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    Bloom - I think the book would suggest the following (but I read the book once yesterday, so don't hold me to this!!!)

    Option 1 - avoid the whole battle and have her do the homework after dance.

    Option 2
    In the car on the way to dance:
    "It must be frustrating when you have to do your homework at YDD's dance class, when you'd rather watch her dance."

    ODD responds, probably saying yes.

    "It sure is fun to watch her dance, I like watching her dance too. Do you have any ideas that would make it easier for you to get your homework done while we're at dance?"

    She feels validated, and feels supported, and now she has the chance to figure out how to solve the problem in a way that works for her.

    Might work????

  4. #14
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    Quote Originally Posted by LeslieR View Post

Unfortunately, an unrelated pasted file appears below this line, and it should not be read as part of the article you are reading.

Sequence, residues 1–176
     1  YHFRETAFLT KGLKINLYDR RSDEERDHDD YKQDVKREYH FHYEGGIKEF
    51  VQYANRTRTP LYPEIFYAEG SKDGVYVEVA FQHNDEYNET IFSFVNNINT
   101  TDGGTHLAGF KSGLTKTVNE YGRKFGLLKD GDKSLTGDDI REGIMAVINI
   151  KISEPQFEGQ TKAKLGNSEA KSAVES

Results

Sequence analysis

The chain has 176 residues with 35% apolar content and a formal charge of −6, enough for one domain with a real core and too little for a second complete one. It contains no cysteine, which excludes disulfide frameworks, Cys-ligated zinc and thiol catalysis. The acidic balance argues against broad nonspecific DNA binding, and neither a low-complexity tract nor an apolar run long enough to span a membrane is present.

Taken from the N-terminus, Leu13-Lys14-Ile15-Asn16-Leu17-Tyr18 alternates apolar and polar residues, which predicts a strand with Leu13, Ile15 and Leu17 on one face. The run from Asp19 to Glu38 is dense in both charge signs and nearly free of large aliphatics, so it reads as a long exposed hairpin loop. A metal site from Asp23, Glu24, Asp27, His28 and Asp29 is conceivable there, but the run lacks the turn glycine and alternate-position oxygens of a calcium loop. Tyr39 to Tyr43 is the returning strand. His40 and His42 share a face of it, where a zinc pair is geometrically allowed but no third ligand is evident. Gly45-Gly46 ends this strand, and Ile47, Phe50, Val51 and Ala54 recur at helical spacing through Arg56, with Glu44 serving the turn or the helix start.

Yes and yes to both your points! You're a kid, you don't get to have feelings on the subject, you just do what I say! I so wish I was a parent in the 70s and 80s. lol

    That being said, I have actually started considering taking the Positive Parenting class that is offered in our town because I am beyond sick of the power struggles. I'll have to check out this book. Of course, right now we are on an upswing and I feel like things have been "easy" lately. I probably just jinxed myself! I don't know about you guys, but I am always surprised when I have these moments where I'm like, "Wow, that was easy. He didn't even argue with me!" which to me means that arguing is the norm if I'm surprised he didn't argue. :/
    I struggle with this too. And I felt ridiculous at first, but it did work, especially with one of my sons.

    And I honestly think my boys just don't have the personalities to blindly obey. They are not naturally cooperative or people pleasers. I think back in the day, they would have been the kids that would have had to have been beaten into submission. Obviously not cool, but I think that is what happened back then to kids like mine.
    Twins! Benjamin and William arrived 3.17.10

    Food Blog: Savory Secrets

  5. #15
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    Quote Originally Posted by Gia View Post